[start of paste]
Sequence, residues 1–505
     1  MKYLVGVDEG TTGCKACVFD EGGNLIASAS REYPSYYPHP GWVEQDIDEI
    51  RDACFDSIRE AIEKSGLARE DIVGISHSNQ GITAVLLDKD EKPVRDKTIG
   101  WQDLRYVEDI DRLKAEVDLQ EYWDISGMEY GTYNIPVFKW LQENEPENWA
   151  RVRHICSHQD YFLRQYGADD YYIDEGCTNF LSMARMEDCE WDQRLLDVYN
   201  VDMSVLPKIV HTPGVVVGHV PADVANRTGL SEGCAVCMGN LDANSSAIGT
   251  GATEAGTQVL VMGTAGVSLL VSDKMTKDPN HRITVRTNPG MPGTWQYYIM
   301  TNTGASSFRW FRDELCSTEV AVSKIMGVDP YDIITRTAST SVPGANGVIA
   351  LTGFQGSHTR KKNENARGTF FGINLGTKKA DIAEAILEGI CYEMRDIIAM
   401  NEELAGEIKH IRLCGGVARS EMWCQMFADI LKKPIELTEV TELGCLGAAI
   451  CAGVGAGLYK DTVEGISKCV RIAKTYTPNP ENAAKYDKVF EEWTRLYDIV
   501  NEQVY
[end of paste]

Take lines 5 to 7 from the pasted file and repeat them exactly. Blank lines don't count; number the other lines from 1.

   151  RVRHICSHQD YFLRQYGADD YYIDEGCTNF LSMARMEDCE WDQRLLDVYN
   201  VDMSVLPKIV HTPGVVVGHV PADVANRTGL SEGCAVCMGN LDANSSAIGT
   251  GATEAGTQVL VMGTAGVSLL VSDKMTKDPN HRITVRTNPG MPGTWQYYIM